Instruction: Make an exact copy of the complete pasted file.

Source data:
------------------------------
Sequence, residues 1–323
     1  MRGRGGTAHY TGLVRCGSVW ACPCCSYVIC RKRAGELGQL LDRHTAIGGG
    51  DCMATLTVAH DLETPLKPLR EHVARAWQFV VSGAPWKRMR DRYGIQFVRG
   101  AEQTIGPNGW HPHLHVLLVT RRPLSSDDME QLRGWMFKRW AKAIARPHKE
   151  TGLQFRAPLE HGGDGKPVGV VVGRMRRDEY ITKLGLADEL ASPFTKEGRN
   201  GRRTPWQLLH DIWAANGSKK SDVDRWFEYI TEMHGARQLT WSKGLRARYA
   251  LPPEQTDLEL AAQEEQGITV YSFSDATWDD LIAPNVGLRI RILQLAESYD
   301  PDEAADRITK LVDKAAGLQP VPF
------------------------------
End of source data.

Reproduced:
Sequence, residues 1–323
     1  MRGRGGTAHY TGLVRCGSVW ACPCCSYVIC RKRAGELGQL LDRHTAIGGG
    51  DCMATLTVAH DLETPLKPLR EHVARAWQFV VSGAPWKRMR DRYGIQFVRG
   101  AEQTIGPNGW HPHLHVLLVT RRPLSSDDME QLRGWMFKRW AKAIARPHKE
   151  TGLQFRAPLE HGGDGKPVGV VVGRMRRDEY ITKLGLADEL ASPFTKEGRN
   201  GRRTPWQLLH DIWAANGSKK SDVDRWFEYI TEMHGARQLT WSKGLRARYA
   251  LPPEQTDLEL AAQEEQGITV YSFSDATWDD LIAPNVGLRI RILQLAESYD
   301  PDEAADRITK LVDKAAGLQP VPF